Conrad Gradalski explains Russia’s recent decriminalisation of domestic abuse.
Vladimir Putin has recently signed a new law that decriminalises some forms of domestic abuse. According to the new legislation, domestic violence will now be punishable only if it has happened more than twice a year with the possibility of the perpetrator getting a 15-day prison sentence or paying a fine. As long as the victim doesn’t suffer a broken bone, the first time offenders will not be subject to any punishment. As the Russian saying goes, “БЬЕТ – ЗНАЧИТ ЛЮБИТ”, (“beating means loving”).
It’s common knowledge that Russian politics differs from the liberalism of Western Europe. In 2013, the Russian government banned gays from organising public marches, as well as educating children in school about homosexuality. Disgraceful as this is, the government at least put forth a semi-logical (take that with a massive pinch of salt) argument to support it. Statistically, the majority of Russia’s population is religious and conservative, meaning that most of them don’t approve of homosexuality. Part of the ban was due to safety issues. Had the gay activists gone to the streets, law enforcement wouldn’t have been able to guarantee their safety. With these two main factors in mind, some may assess that the Russian government had a valid reason to put an end to gay rights advancement.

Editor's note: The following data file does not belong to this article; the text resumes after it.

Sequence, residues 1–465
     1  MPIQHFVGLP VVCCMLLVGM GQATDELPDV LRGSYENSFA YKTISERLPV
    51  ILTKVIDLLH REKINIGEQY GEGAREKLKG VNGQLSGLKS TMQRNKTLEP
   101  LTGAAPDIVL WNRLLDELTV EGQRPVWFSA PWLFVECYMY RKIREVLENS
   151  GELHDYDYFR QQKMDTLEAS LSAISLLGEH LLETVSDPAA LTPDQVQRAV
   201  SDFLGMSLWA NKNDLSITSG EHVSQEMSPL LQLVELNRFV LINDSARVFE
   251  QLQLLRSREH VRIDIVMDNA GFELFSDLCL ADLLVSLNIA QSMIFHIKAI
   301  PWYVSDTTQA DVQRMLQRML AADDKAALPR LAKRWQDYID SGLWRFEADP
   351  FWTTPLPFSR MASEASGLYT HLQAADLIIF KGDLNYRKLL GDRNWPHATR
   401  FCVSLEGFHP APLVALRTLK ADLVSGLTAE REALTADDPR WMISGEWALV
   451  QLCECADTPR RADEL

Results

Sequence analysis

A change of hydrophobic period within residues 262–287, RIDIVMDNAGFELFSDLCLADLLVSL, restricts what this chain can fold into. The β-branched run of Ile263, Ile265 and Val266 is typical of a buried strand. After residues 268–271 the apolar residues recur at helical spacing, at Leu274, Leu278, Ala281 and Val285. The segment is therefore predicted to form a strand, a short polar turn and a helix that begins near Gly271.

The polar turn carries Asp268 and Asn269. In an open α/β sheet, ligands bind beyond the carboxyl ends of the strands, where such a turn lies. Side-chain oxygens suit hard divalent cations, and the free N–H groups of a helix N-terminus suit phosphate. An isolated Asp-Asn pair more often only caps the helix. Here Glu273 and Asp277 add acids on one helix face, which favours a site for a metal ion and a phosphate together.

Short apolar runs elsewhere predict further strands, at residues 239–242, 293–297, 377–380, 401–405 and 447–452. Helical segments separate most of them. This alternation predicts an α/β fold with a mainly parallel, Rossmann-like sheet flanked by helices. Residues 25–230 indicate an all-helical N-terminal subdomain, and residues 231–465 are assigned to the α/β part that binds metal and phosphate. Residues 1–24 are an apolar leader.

There is no such logic supporting this recent legislation. According to a 2010 United Nations report, an estimated 14,000 women in Russia die at the hands of their husbands or boyfriends each year. Further, over 80% of women, when asked about their experiences with violence at home, responded that at least once in their lives they were subject to beating by a man in their house. These statistics sent a clear message to the Russian authorities. Domestic abuse is a very big problem in Russian families and the government must act to prevent it. Instead of this, however, they’ve made it easier for husbands to beat their wives and get away with it.
This law also affects child-parent relations. According to Yelena Mizulina, a Russian MP that drafted the new order, physical punishment towards children is the basis of the “traditional Russian family”, in which relations are “built on the basis of authority, power, mutual love and indispensability”. What is also interesting is the fact that the Russian Orthodox Church, a very influential part of Russian society, made a statement last year which insisted that physical punishment is a right given to parents by God himself. Furthermore, those in favour of the new legislation argue that the family is secular and therefore not even the state should interfere with its domestic issues. But does that mean that mean that the state should be blind to criminal offences that occur in families?
All these claims are alarming. There are two things that should be recognised. Firstly, beating anyone at any age, regardless of their gender, is not an act of love. It creates a toxic and fearful environment. Instead of understanding, there’s shouting, and most importantly, instead of words, there are fists. Secondly, this new law doesn’t give victims the appropriate measures to protect themselves. Knowing that the authorities aren’t going to do anything “if it happens only once” doesn’t encourage the victims to fight their case. Instead, they will stand alone in fighting their potential oppressor. In the end, the Russian government has given not a red, but a green light for domestic abuse.
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